Feeds:
Posts
Comments

Posts Tagged ‘puffin’

I am trying to get better shots of the wildlife. We walked down to the marina and were greeted by this eagle along the cliffs.

IMG_0324

Harlequin ducks took off when we got to the dock.

IMG_0329 - Edited

A lone loon has been hanging out in the harbor. We haven’t heard its call because it probably gets drowned out by all the squawking seagulls.

IMG_0339 - Edited

We’ve seen a couple of tufted puffins on the water. So cute.

IMG_0333

Next week this relic of a truck is going to leave the island along with the van on the hill that serves as a blind for the researchers. They think the van has just enough brake fluid to make it down the hill to the marina one last time.

IMG_0319

IMG_0336

But here’s the real news. I wanted to be able to dock the boat in the slip before the end of the May. I used to be a sailboat snob. Sailors need to know about the wind, currents and of course the rules of the road.  I thought power boaters just had to turn a key and needed no real knowledge of seamanship. But it’s all about the takeoff and landing. Maneuvering in open water is a piece of cake. Docking, not so much.

Last week, I spent a couple of hours practicing docking in our little marina; no other boats, no observers. Today I tried, for the third time, to dock at the marina on the mainland (whose name I will withhold) in a tiny little slip with a narrow approach. The first time, I somehow ended up perpendicular to the dock and had to turn the helm over to Tim. I was disheartened. That prompted me to invest in an online course on docking a single engine outboard. It seems I had it easy with a sailboat. We had a keel, a big rudder and an inboard engine. Make a turn and that’s the way the boat tracks. Powerboats slip sideways along the water and are not as straight forward. And of course neither have brakes.

I would dream about my approach to the slip when I slept. The second time, I allotted myself two tries. I missed the slip both times, but in a more controlled fashion. Today I was ready to give it two tries again. But I did it smoothly the first try!  I let out a whoop as Tim tied us to the dock. Well it must have been heard by our slip neighbor a few boats away because when I took the boat out later in the day, he and a friend applauded my seamanship! I have to remember everyone had to learn sometime.

Read Full Post »

As in, “Wasn’t yesterday’s weather just fine?”.  I think that is how they would describe it in Australia, sunny, pleasant temperature in the 60’s and, did I say, sunshine! Makes a world of difference. Today there is pea soup fog but it should lift before we plan to go ashore to see Sequim’s production of the play, The Gin Game. Quite a Sunday in store for us.

Yesterday’s patrol was a delight. Lots of seabirds, seals, and mountains. I politely shooed a fishing boat away that was too close to the island for the wildlife’s comfort, 200 yard buffer around the whole island. They pleaded ignorance, hmmm, and complied. We investigated an object with a very straight black vertical stripe. At first I thought it was a tent on the beach! We got closer, looked from different angles and because it was so straight. Tim finally reckoned it was a shadow cast by a log hanging over the top of the rock. Disaster averted.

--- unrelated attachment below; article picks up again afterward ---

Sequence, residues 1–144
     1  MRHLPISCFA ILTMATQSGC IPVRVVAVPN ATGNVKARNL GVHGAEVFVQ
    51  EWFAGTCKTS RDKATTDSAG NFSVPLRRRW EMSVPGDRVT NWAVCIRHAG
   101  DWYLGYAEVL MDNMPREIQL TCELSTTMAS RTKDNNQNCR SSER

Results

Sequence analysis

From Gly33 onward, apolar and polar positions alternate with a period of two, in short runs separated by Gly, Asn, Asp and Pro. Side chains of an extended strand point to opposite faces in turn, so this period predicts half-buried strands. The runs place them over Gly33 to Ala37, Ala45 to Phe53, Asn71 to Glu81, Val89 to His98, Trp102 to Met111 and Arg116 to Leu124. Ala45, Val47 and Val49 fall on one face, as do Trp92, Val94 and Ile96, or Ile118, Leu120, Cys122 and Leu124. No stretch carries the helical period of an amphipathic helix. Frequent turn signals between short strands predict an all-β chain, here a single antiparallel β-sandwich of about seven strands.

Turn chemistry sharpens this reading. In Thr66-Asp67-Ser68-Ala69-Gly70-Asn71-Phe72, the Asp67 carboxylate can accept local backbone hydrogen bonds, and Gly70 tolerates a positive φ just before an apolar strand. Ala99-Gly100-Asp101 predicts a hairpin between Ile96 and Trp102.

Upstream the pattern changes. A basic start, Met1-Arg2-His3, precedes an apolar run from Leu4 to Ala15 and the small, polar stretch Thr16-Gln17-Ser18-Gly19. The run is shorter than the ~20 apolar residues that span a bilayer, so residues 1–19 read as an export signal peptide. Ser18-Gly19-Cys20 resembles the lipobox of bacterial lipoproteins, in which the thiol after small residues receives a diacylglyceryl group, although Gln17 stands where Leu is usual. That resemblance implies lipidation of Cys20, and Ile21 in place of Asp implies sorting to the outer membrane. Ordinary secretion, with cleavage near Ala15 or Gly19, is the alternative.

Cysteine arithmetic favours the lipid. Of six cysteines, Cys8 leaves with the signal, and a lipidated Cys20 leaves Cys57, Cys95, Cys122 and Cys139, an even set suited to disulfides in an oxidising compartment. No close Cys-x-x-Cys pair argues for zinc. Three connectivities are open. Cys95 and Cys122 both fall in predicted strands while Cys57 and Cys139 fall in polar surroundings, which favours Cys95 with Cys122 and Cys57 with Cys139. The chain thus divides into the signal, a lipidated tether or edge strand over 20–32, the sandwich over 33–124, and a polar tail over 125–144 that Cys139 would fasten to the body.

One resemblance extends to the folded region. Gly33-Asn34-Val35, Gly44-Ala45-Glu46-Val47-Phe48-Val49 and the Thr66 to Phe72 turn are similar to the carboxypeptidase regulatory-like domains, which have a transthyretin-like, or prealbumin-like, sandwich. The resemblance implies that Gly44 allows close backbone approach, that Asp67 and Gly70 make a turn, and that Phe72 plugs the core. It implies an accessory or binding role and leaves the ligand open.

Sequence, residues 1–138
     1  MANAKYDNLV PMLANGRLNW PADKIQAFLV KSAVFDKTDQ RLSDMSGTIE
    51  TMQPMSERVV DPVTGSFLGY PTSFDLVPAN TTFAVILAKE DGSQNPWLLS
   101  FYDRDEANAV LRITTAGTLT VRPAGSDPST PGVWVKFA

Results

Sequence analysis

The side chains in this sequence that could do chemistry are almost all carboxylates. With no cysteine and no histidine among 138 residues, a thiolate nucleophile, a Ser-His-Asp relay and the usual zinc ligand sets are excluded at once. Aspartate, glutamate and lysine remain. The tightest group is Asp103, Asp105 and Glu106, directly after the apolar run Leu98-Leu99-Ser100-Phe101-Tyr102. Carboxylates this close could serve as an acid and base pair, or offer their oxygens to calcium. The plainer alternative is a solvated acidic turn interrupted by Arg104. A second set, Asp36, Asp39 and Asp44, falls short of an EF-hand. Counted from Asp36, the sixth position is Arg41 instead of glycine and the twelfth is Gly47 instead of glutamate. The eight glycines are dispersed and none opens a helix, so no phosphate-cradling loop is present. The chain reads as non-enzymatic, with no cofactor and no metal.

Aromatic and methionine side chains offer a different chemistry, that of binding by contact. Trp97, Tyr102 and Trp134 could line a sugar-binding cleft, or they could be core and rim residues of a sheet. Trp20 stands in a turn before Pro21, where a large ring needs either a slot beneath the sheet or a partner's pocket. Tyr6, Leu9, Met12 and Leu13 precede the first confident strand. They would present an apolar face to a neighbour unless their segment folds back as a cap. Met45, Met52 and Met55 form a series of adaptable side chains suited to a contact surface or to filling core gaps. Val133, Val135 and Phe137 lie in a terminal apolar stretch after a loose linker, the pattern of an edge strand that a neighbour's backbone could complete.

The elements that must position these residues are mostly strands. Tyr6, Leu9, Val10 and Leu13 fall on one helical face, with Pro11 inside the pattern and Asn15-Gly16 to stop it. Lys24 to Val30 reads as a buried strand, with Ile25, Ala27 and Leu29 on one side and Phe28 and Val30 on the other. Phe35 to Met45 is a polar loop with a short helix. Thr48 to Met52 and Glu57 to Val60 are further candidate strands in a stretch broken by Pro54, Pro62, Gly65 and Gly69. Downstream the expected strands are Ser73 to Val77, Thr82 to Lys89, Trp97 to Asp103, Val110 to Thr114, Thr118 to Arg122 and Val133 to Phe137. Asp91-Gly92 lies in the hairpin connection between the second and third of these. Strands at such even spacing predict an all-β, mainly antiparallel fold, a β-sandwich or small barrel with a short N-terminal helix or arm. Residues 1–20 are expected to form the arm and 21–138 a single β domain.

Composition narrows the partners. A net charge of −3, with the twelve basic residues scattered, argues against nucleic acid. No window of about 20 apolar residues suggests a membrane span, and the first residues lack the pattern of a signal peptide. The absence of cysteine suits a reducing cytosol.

IMG_0284

Loon


IMG_0297

Eagle lookout


IMG_0293

Rhinoceros auklet and tufted puffin

Things I would like to have in the kitchen but don’t are a rolling pin, pie plate, muffin tins and a baking sheet.  I am such a princess. A chilling bottle of wine always serves well as a rolling pin, thank you Malcolm and Margaret; we have a thin round baking sheet, which is likely to burn my cookies; I’ve been using a square pan with some good pie results, except the other night, when in a stupor I sprinkled baking soda instead of cornstarch over my apples; and muffin tins may be essential for popovers. Which of these are really essential. None really. I’ll see how my mood is when we are ashore. Skip the rolling pin for sure.

I’ve learned about another weird chemical reaction, I haven’t worked out the formulae but a have an inkling. Not for the weak of heart. We can’t drink the well water because it is very high in nitrates. It’s clear, doesn’t smell and is fine to wash dishes, shower, etc. That’s one compound in the formula.  The next is urochrome. You may not have heard of it but it’s the compound that makes pee (urine – uro) yellow and is from the breakdown of bile in our blood. I think an oxygen molecule from the nitrate latches on somewhere to urochrome and changes its structure. Well when the two mix, like in the toilet, urine magically turns clear. Very odd. How will I know if I am well hydrated or not? Lucky for you, I will not post a photo to illustrate this concept.

We got tired of using paper napkins so I wove two with cotton thread I had on hand and my 4 inch pin weave-it loom. Not ideal, but they work. They are the first pin loom weavings I have sewn together. As someone said, these little loom squares are like potato chips, you can’t just weave one. They are so cute and take about 15 minutes. What do I have but time?

IMG_0272

I took a walk before dinner to enjoy the views. There were two eagles and two northern harriers checking me out. I keep my glasses and hat on! And I have no intention of watching Hitchcock’s “The Birds” again until we leave her.  I was traumatized the first time I watched it because the next day I went out to sell Girl Scout cookies for my Brownie troop and birds were just waiting to attack me.

IMG_0305

IMG_0311

 

Read Full Post »

%d bloggers like this: